There's more to life than cupcakes and frosting
Page from graphic novel "Bake Sale" by Sara Varon (HANDOUT / September 1, 2011)
"I really wanted to go to Turkey, but it seemed too indulgent," says Varon. "So I decided to make a project about it and go there as research."
That project became "Bake Sale," a new graphic novel starring Cupcake and his pal Eggplant, who set out to visit Eggplant's Turkish Aunt Aubergine together and wind up learning about friendship and identity along the way. We chatted with the native of Highland Park, who now resides in Brooklyn.
Q: Are parts of "Bake Sale" autobiographical?
A: Ever since I went to art school — I went to the Art Institute — I wanted to go to Turkey to see Ayasofya (an architectural marvel built as a church in the 6th century). I went for 10 days with a friend for research. It was amazing. I realized I couldn't draw it, though, so I didn't have the story set there. I didn't feel like I would know how to represent it. But there's a postcard in the book that's from Ayasofya.
Q: The book is about finding yourself, but is it also about friendship?
A: Friendship is a recurring theme in all my books. I like the idea of somebody looking for something that maybe they already had. Or getting an idea of something in your head and realizing that maybe the idea and reality are not the same thing. That you have certain goals but then you realize maybe you had it all wrong.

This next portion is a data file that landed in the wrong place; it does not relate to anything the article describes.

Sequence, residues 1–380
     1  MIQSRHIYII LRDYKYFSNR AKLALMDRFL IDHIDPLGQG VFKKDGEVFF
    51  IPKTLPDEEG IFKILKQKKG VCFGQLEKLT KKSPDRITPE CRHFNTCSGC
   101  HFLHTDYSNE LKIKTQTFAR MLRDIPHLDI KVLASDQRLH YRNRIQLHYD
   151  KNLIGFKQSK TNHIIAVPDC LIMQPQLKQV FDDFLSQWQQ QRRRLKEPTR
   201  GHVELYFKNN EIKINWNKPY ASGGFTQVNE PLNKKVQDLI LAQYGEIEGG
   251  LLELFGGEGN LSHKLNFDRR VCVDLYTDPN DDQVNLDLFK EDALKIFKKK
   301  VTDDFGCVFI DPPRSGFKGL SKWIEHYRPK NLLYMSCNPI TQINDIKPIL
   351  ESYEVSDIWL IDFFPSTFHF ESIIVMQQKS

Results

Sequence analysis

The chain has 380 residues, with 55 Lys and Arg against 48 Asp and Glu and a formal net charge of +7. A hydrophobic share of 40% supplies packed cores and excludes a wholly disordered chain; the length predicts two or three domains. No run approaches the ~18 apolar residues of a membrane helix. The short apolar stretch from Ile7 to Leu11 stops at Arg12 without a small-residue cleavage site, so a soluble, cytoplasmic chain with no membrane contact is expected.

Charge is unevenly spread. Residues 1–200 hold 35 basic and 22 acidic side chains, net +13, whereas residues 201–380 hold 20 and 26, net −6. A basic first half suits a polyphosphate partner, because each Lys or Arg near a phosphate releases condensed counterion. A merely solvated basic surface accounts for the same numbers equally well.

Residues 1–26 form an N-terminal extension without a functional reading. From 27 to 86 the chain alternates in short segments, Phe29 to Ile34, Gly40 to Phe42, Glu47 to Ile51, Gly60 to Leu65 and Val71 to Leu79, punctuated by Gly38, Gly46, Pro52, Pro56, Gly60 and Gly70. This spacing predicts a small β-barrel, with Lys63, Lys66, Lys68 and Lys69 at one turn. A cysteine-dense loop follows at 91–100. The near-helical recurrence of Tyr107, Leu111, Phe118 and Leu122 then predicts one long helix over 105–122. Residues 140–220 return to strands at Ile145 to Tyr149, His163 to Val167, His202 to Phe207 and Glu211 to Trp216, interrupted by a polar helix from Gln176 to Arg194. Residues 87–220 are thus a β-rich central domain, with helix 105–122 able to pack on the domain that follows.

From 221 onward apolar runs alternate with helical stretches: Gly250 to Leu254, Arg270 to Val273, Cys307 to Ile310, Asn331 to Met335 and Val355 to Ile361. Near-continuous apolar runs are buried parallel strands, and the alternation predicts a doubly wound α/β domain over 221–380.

Q: Do you write and illustrate with a particular age group in mind, or do you just set out to tell a story, knowing it will find an audience?
A: I just take something I want to tell, and I write it. I've been lucky so far; everything I've done the publisher decides what age group it's for. All my stuff I think is for ages 8 and up. But the conversations and lessons you could be having at age 40 or 15 or whenever.
Q: I read that when you first moved to Brooklyn there was a patch of white paint on your wall that you turned into a chicken and that was the birth of chicken and cat. Is that true?
A: That is true! That was the beginning of chicken and cat (characters in two of Varon's books, "Chicken & Cat" and "Chicken & Cat Clean Up"). All my books are about where I'm living at the time. In "Bake Sale," when Cupcake opens the refrigerator, that's my refrigerator. That's my mailbox.
Q: Did you ever want to own a bakery like Cupcake?
A: I really like to eat, but I would be a terrible business person, and I would get really fat. So I prefer to be a customer.
By Sara Varon
First Second Books, 158 pages, $16.99